On the other hand, when the surface of the foam is covered with an incombustible sheet, the density of the foam may be less than the specified range, since the foam is protected with the incombustible sheet, and the defects of fragile and brittle properties may be substantially reduced. For example, when covered with an incombustible sheet, the density of the foam may be 10 kg/m3 at the minimum.

To cover the foam surface with a incombustible sheet, it may be adhered to the surface of the foam after molding, but preferably, as shown in FIG. 1, a container 2 of an incombustible sheet in the same shape as a mold 1 is inserted in the mold 1 to fit to the inner wall of the mold 1, and a specified amount of the resin blend is injected, foamed and cured. Hence, the productivity is enhanced, and the foam can be parted easily from the mold 1. Incidentally, the mold 1 shown in FIG. 1 is for one pyramid, but coupling two or more molds, multiple foams with pointed shape such as pyramids may be obtained by one molding process.

The incombustible sheet is, incidentally, effective not only for protecting the foam, facilitating parting, and enhancing the productivity as mentioned above, but also for decorating the surface of the microwave absorber. That is, when the incombustible sheet is preliminarily colored in blue or other color, it is effective to prevent darkening or blackening of the microwave absorber due to carbon black or the like contained in the foam, so that a bright RF anechoic chamber without threatening sense can be built at low cost.

Such an incombustible sheet may be, for example, incombustible paper formed in sheet by using inorganic fibers such as glass fiber, potassium titanate fiber, sepiolite, and calcium silicate fiber, combined with, as required, a small amount of organic fibers such as pulp, rayon, and aramide fiber, flame retardant agent or incombustible agent such as aluminum hydroxide, calcium carbonate, antimony trioxide, clay, and mica, pigment, binder (e.g. colloidal silica, acrylic emulsion), and others. Instead of incombustible paper, woven or nonwoven cloth mainly composed of the above inorganic fibers may be also used. These incombustible sheets are required to be microwave permeable.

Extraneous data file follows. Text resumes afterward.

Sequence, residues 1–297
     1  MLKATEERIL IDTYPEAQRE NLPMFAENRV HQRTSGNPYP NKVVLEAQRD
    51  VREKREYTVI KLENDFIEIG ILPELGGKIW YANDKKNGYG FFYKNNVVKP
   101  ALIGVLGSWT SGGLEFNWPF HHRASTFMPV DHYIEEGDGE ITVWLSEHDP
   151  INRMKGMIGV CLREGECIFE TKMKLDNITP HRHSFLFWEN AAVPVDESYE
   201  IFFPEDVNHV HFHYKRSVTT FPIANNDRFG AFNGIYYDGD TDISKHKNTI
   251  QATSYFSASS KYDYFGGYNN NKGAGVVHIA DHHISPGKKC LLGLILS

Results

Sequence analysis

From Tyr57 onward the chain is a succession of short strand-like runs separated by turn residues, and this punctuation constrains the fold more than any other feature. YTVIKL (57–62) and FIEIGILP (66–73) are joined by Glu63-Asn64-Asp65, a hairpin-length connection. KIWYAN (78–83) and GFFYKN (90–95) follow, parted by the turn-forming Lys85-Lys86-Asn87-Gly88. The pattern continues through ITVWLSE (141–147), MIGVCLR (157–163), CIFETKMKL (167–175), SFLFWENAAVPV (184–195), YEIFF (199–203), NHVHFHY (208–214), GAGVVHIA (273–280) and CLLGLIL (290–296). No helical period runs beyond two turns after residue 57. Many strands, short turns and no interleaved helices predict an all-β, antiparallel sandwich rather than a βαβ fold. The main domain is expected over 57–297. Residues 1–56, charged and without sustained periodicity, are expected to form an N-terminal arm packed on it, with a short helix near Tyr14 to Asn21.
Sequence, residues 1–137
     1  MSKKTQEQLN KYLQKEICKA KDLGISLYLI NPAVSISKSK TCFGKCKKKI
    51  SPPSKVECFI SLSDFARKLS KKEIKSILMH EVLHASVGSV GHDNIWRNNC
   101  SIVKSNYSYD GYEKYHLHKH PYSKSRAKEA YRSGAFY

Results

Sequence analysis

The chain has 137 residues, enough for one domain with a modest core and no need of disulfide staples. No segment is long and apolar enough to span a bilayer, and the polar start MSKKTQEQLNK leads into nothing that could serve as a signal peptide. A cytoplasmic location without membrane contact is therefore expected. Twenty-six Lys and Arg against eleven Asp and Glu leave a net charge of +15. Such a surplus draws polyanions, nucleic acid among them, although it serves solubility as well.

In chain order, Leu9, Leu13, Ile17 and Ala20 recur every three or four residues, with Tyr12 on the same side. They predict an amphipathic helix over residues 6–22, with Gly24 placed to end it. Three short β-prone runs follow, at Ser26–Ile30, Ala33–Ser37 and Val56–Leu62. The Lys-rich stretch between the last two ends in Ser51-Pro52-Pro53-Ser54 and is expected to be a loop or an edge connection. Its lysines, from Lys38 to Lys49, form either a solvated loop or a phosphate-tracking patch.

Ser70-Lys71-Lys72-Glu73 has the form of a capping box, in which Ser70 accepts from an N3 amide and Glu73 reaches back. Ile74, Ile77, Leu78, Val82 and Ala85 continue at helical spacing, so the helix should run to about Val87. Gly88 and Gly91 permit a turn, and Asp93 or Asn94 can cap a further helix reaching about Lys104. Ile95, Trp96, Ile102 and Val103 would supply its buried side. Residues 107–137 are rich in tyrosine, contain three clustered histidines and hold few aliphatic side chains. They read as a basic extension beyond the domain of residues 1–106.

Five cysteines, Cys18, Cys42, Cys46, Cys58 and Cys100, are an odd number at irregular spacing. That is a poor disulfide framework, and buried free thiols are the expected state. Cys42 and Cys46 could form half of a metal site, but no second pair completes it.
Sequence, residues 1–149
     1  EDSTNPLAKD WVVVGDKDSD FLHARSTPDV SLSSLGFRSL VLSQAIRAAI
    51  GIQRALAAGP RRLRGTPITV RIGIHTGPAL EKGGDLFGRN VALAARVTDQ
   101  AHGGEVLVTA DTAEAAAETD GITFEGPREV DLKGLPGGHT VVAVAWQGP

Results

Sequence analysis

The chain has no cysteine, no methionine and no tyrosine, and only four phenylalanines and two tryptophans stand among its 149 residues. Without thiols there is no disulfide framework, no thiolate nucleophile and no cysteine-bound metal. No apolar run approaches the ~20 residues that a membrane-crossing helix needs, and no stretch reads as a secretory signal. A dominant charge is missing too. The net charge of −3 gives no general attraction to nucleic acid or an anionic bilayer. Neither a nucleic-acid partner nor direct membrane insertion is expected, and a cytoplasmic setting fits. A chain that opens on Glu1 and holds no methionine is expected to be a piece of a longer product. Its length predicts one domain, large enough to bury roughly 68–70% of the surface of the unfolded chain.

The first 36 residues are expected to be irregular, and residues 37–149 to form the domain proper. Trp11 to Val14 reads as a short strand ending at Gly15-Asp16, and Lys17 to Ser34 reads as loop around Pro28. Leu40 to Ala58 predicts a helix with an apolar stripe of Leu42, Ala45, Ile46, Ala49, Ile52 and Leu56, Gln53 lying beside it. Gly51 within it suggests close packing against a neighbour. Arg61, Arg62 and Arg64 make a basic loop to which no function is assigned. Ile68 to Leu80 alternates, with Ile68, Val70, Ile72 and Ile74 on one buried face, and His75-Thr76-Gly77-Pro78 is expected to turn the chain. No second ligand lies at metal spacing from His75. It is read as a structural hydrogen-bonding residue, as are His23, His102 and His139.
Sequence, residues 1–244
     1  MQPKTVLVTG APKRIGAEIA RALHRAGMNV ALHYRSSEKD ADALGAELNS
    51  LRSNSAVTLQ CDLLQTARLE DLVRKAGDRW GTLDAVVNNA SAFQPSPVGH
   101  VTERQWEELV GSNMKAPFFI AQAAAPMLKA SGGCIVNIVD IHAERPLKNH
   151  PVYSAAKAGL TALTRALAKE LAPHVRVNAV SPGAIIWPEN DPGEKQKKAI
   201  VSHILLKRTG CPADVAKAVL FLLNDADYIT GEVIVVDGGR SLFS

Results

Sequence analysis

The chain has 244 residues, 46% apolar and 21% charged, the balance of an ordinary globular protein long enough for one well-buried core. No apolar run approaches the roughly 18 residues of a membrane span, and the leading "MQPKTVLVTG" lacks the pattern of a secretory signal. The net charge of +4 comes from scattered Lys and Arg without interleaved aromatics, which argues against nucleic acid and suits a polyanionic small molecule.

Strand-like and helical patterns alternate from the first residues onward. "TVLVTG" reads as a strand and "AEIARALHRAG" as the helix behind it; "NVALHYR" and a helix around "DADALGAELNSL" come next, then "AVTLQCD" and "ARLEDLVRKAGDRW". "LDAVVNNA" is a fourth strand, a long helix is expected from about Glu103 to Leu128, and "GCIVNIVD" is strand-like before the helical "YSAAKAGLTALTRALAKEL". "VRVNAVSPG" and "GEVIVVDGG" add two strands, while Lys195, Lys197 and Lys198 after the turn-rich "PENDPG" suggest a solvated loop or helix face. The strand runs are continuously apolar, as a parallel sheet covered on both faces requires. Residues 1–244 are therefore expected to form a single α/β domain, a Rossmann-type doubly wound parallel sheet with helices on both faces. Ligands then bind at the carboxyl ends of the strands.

The thickness of the incombustible sheet is about 0.05 to 3 mm, preferably about 0.1 to 2 mm.

The incombustible sheet is obtained by preparing the material in a slurry form, filtering the slurry by cylinder mould or Fourdrinier, and drying. The container of the incombustible sheet is manufactured by folding the incombustible sheet in a desired shape by an automatic paper folding machine, and closing in a bag form with an adhesive. From the viewpoint of shape retaining property of the container, the basic weight of the incombustible sheet is desired to be 30 to 800 g/m2.

As mentioned above, according to the invention, since thermosetting phenol resin foam is used, semi-incombustible or incombustible microwave absorber of high strength is presented. The phenol resin foam provides a uniform and high microwave absorbing capacity when adding a relatively small amount of dielectric loss material.

In particular, when the microwave absorber of the invention is formed in a pyramid-shape, the microwave absorption characteristic at high frequency is excellent.

Besides, when the surface of the phenol resin foam is coated with a colored incombustible sheet, a colored microwave absorber may be easily obtained.

Moreover, when the container of incombustible sheet in the same shape as the mold is placed inside the mold of pointed shape, the molded foam is parted easily, and the productivity is enhanced. Since the container retains its shape, the strength of the obtained microwave absorber is increased, and it is usable even if the density of the foam is low, and hence it is possible to obtain a microwave absorber of light weight and low cost. By reducing the weight of the foam, the working efficiency is enhanced.